As a bonus, this also makes the whole info monopoly that Xiao has a lot less absurd. Sending a message to another sector would not be something that happens often (I've always thought it would generally only take place if a hive fleet parked in orbit above Scintilla, or the like), so Xiao could feasibly go over all of them before giving the okay.
That has some considerable implications, though. If that was true, then there's only a single choir in the entire sector capable of sending messages out of the sector.
That means that there's only a single choir that needs to be taken out to isolate the entire sector from the rest of the Imperium, which I consider a bit absurd. Also, sectors aren't completely cut off from eachother, and the functional "edge" of a sector is not a clear line, with some sectors being wall-to-wall with eachother. Astropathic Relay Stations are also spread out through the Imperium for relaying messages, likely also between sectors that are adjacent to eachother, but not geographically close or "wall to wall".
I'm fully on board with the Chief Astropathic Choir being the only one capable of sending or relaying messages over vast distances without relaying, however. It could be argued the high-priority messages within the Calixis Sector would likely be relayed to Scintilla and then sent directly to the concerned parties (Battlefleet Obscurus, Segmentum Command, Terra, etc?) with a minimum of relays (None at all, within Obscurus?).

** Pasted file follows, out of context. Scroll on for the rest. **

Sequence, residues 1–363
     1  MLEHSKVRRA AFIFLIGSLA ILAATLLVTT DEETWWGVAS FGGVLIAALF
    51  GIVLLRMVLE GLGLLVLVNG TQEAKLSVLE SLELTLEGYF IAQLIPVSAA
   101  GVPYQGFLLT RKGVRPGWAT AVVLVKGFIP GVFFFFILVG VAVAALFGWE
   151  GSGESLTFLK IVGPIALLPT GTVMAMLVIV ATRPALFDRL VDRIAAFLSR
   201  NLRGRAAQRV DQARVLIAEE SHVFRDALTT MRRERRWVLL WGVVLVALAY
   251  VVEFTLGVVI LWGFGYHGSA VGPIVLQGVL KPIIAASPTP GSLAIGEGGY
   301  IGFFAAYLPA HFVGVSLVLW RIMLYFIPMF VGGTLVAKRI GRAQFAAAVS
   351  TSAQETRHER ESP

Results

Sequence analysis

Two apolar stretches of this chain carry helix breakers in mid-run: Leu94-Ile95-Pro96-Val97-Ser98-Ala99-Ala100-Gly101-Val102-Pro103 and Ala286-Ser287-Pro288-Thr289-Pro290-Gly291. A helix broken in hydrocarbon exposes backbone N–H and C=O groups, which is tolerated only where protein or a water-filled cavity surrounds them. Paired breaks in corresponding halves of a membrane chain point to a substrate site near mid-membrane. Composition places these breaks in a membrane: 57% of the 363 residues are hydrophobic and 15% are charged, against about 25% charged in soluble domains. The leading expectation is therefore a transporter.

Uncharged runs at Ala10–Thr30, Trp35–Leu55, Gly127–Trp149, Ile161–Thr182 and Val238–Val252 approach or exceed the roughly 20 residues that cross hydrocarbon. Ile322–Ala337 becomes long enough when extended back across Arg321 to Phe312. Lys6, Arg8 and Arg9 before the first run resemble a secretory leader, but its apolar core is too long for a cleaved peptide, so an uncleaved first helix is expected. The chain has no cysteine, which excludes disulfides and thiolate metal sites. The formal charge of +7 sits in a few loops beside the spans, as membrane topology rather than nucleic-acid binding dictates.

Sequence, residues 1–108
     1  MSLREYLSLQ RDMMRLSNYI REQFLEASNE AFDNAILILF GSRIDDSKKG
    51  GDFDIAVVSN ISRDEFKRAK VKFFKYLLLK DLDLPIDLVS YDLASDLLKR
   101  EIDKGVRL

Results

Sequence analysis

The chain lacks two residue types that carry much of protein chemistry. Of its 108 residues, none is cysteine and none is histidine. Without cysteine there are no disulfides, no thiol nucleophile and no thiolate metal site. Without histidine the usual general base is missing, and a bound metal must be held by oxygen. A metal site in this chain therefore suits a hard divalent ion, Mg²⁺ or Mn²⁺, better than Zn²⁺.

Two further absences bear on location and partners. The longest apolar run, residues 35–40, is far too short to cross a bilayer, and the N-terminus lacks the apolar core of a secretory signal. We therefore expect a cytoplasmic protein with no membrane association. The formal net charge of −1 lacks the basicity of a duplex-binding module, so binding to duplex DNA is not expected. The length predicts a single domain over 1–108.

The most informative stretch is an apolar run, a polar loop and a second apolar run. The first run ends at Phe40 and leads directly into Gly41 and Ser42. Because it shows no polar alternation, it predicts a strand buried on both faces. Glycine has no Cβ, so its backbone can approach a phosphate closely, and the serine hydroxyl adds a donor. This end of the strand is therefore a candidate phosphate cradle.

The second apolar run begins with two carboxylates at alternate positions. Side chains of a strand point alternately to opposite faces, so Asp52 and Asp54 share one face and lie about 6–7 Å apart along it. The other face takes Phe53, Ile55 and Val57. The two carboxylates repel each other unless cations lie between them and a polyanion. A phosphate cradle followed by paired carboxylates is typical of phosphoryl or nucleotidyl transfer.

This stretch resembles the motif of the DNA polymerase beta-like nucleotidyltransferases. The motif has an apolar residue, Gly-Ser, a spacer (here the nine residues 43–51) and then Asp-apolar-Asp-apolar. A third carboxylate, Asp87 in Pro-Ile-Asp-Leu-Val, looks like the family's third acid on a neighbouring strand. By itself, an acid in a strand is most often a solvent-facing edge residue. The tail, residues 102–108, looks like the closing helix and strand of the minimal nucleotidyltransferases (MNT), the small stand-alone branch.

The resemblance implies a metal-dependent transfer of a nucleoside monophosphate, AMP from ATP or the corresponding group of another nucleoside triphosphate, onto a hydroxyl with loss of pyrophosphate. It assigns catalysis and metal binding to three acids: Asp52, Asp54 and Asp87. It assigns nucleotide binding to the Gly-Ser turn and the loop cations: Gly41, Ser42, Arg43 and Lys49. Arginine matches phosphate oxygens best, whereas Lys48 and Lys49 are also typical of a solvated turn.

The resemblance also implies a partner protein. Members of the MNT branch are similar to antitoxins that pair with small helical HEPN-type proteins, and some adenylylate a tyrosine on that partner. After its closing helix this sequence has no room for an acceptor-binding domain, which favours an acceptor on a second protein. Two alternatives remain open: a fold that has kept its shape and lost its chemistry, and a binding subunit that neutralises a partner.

But the only one to send out of sector? I find that hard to believe. That's one terrorist attack away from cutting the sector off. It doesn't mesh well with the Imperium's well-established paranoia.
Make sense, gives him an edge without making the system completely overcomplicated
Everything in the Imperium is overcomplicated. If ever you are writing something for your Campaign(s) or anything dealing with the structures of the Imperium, if you ever find yourself thinking that this makes complete and total sense and that it's a straight hierarchy, it's probably wrong and you need to make it more complicated.
Make sure to impart this confusion on your Acolytes. Assign them to multiple Inquisitor Lords and call it a filing error, meanwhile, both Inquisitor Lords will treat them as "theirs" and tell them to ignore the other, because it was a filing error. Punish them when they choose and anger the one lord. Take away their pay, then double it. Assign them a ship, but forget to man in, giving them an empty battle-cruiser.
I once played a Sanctioned Psyker from the Imperial Guard in a Rogue Trader game. I was the head of the Astropathic Choir. We attributed this to the Great Filing Error of m41. By the time the game ended, all the Astropaths were wielding lasguns and participating in landing parties, and regularly threw personal messages the choir was supposed to send in the trash.
Edited by Fgdsfg, 16 August 2014 - 04:40 AM.